Asthma is an inflammatory disease with recurrent exacerbations. Asthma exacerbations are associated to increased inflammation of the airways; in predisposed subjects, exacerbation can be caused by respiratory infections or allergen exposition.
In case of asthma, complementary or alternative therapies are often considered. In fact, phytotherapy can be included in the therapeutic program of asthmatic chronic patients, for example, without taking the place of conventional therapies whose safety and effectiveness have been thoroughly assessed over the years and only after evaluating the risk-benefit ratio. Despite the use and use-divulgation of many plants traditionally indicated for asthma, quantity and quality of researches in this specific sector are still inadequate. Mostly of what is known regarding their effectiveness and safety is principally based on prevalence researches or on few low-quality studies reporting controversial results.1
The major research efforts on complementary or alternative therapies for the respiratory apparatus have been focusing on Echinacea and Pelargonium’s role and possible use for cold – a well-known self-resolving condition – while on the other side they have been neglecting clinical situations like COPD and bronchial asthma, more severe and challenging from a clinical and social point of view.
Complementary and alternative therapies’ use
Contrary to the few evidences published in the literature, respiratory diseases – especially asthma and allergies – are the conditions for which patients mostly resort to complementary and alternative therapies; in particular, literature reports high consumption of plant-based therapies for asthma, both in children and adults.2
Qualitative studies show that mothers are strongly influenced by the Internet regarding asthma treatments with complementary or alternative plant-based therapies, considering them safe and free from the risk of interactions with conventional drugs.3 Actually, natural products include a variety of substances hardly manageable like plants, vitamins, minerals, supplements and botanicals: camphor, eucalyptus and menthol-based balms for the chest, aloe juice, echinacea and syrups containing tolu, wild cherry, cocillana, tea or coffee containing natural methylxanthines, or also ephedra (ma huang). These products could contain more than one medicinal plant, sometimes the wrong species, higher or lower doses of active principles than declared on the label, contaminants, adulterants, not-declared medicinal plants, pesticides or heavy metals.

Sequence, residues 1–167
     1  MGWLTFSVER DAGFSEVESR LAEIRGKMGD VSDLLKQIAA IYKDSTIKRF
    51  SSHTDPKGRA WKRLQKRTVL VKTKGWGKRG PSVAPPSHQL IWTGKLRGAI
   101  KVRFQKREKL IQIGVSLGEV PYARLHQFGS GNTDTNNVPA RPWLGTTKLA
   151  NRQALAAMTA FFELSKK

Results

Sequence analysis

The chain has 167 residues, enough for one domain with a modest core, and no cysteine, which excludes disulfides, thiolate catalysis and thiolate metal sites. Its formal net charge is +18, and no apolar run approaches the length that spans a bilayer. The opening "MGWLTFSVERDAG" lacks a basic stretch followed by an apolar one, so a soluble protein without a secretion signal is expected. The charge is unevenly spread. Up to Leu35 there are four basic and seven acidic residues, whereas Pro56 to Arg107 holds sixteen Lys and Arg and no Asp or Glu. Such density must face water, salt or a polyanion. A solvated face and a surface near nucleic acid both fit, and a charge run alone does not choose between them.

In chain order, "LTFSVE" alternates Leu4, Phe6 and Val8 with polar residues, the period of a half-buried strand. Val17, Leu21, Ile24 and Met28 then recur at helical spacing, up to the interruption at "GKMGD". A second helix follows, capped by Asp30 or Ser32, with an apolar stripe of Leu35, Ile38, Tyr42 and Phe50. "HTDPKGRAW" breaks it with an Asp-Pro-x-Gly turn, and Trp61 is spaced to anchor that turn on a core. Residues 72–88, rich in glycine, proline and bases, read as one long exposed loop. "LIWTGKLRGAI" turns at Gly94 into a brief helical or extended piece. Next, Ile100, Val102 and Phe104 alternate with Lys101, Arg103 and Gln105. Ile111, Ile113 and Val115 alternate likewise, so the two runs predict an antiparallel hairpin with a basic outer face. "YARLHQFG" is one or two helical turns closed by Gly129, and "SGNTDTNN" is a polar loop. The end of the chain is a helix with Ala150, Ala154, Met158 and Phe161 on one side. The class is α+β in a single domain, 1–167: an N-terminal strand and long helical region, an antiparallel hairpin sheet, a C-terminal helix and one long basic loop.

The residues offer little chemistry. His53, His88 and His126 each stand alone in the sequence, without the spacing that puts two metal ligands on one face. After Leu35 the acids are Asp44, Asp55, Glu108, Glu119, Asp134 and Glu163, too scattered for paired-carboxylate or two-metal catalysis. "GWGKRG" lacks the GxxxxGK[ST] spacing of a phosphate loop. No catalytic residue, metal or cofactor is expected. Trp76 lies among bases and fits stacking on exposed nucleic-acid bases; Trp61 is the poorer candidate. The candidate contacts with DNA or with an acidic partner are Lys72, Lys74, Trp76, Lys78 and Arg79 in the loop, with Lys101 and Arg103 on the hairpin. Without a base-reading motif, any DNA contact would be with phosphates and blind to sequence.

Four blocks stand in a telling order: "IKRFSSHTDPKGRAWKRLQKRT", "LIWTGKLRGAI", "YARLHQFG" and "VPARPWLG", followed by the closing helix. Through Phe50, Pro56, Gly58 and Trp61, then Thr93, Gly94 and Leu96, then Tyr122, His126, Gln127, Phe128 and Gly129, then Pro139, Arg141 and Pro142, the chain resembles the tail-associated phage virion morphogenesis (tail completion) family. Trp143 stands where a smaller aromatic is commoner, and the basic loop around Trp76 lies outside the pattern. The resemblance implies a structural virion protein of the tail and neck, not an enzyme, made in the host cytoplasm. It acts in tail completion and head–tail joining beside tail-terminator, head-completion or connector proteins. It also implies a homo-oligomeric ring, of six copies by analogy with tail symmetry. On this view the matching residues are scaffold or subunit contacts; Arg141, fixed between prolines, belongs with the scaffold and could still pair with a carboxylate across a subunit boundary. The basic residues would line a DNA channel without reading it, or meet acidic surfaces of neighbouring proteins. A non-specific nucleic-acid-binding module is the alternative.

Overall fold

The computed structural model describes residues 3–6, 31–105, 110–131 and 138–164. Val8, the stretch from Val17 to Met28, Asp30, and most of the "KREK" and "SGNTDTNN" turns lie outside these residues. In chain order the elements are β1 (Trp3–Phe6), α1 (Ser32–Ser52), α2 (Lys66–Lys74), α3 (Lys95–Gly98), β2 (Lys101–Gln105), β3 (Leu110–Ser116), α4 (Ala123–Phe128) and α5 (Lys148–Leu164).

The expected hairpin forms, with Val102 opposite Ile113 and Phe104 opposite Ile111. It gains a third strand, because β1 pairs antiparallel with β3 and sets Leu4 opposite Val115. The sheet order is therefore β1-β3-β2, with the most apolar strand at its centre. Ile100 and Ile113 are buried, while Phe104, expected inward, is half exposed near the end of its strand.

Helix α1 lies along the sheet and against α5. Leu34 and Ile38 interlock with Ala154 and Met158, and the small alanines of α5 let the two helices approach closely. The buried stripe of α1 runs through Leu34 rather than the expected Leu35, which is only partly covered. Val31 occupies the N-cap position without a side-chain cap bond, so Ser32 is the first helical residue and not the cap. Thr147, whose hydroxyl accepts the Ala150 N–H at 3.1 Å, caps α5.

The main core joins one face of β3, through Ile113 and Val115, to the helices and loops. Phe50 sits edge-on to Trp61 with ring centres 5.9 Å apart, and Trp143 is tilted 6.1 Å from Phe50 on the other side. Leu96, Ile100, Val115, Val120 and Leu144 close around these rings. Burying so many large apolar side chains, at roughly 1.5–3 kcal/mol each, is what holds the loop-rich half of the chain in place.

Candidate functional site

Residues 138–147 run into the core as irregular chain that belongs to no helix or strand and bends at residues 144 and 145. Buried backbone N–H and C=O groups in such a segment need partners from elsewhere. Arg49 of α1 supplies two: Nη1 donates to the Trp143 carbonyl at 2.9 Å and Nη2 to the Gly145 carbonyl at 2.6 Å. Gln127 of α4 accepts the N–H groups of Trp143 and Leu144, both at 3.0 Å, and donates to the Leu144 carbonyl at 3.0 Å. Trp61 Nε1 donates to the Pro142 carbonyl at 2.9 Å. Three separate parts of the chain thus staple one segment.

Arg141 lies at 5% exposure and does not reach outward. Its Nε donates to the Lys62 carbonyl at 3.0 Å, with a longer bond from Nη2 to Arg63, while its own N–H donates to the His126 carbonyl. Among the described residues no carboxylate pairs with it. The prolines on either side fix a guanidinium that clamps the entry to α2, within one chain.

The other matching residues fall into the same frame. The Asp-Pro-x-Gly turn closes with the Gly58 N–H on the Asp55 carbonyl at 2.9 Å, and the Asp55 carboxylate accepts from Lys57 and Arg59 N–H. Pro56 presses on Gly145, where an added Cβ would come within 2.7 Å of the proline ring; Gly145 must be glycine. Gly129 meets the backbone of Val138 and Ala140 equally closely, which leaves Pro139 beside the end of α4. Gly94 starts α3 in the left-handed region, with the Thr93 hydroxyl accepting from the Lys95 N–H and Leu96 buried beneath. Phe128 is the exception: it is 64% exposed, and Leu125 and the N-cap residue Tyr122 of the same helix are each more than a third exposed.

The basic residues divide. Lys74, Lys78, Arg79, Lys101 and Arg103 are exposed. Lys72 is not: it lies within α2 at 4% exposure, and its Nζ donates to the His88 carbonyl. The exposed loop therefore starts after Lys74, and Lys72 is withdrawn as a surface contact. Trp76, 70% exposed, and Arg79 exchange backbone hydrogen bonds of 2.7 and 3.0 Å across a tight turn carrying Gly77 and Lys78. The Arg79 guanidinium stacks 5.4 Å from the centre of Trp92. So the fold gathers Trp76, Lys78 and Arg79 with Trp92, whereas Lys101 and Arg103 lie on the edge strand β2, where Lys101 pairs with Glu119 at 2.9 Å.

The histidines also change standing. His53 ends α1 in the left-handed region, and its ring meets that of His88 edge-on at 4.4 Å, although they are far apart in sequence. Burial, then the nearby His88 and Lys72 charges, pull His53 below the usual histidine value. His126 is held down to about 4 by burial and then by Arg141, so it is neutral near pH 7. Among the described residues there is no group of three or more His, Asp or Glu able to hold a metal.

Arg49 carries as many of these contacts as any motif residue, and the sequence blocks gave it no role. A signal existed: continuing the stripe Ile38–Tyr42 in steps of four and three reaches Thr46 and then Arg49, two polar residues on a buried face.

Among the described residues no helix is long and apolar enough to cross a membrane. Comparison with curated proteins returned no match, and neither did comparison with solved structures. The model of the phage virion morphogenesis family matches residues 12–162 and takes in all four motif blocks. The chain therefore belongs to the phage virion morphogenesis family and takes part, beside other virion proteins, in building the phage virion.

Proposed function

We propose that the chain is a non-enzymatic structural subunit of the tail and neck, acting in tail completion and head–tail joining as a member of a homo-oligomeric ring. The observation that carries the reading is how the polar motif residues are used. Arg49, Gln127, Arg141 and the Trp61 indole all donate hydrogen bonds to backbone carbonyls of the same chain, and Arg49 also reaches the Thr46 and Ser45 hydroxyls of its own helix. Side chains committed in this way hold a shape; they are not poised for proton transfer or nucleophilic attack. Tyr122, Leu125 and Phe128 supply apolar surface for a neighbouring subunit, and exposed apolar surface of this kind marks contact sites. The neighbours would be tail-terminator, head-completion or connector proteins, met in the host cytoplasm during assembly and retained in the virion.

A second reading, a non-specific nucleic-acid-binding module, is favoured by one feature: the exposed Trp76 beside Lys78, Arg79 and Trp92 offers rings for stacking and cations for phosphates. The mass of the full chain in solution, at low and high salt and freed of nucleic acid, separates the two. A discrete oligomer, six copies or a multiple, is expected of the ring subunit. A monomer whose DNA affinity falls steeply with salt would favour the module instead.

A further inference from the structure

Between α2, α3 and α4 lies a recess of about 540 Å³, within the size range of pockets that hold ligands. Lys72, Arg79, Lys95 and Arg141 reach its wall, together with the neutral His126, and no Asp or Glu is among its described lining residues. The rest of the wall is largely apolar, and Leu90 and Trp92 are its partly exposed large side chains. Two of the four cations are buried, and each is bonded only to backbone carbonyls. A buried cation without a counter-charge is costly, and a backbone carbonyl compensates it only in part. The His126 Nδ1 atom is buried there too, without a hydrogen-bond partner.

As already mentioned, labels often do not guarantee quality or coherence. Besides, natural products’ active principles are not inert and can interfere with synthesis drugs and cause undesired effects. Rare, but serious adverse reactions have been reported after using some medicinal plants. For example, liquorice, used for its anti-inflammatory and sedative action on cough – traditionally acknowledged – can prolong corticosteroids’ hemi life potentiating their cardiovascular effects and reducing their hepatic catabolism. Or ephedra, a Chinese traditional medicinal plant used as decongestant in bronchial asthma treatment and containing ephedrine (a sympathomimetic amines), can induce cardiovascular effects especially if administered in concomitance with albuterol. Ephedra use is nowadays widely considered out-dated for its frequent cardiovascular side effects and the availability of selective adrenergic agents.
Many apparently harmless products can actually be allergenic. For example, echinacea and chamomile, plants belonging to the family of composite, can worsen asthma in patients who are sensitive to these species antigens.
Extremely worrying are in the end reports regarding the treatment modality of these products. A small number of subjects, in fact, reported ingesting camphor-base products. Ingestion of turpentine oil and Vicks vaporub® can be fatal in children and put a risk for adults too.4
The use of these products can be associated to a reduced inhaled corticosteroids adherence, as well as conventional therapies substitution (especially short-acting beta-agonists and inhaled corticosteroids).
Substituting conventional drugs with complementary and alternative therapies can delay prompt and appropriate medical intervention in case of acute asthma episodes or diminish the adherence to evidence-based conventional treatments, therefore contributing to increased morbility.5
Considering the current state of research, scientific evidences, treatment modalities and safety and effectiveness studies are still largely needed, both for clinicians who treat patients with asthma and for patients opting for self-medication. A good physician-patient communication on complementary or alternative therapies is also missing, also because few clinicians are informed about their use and patients often are reluctant to declare it.
Eugenia Gallo, Alfredo Vannacci
Toscana Pharmacovigilance Centre
- Nurs Clin North Am 2013;48:53-149. CDI
- Arch Pediatr Adolesc Med 2002;156:1042-4. CDI NS
- Qual Health Res 2008;18:43-55. CDI NS
- Pediatrics 2003;111:981-5. CDI NS
- Ann Allergy Asthma Immunol 2010;104:132-8. CDI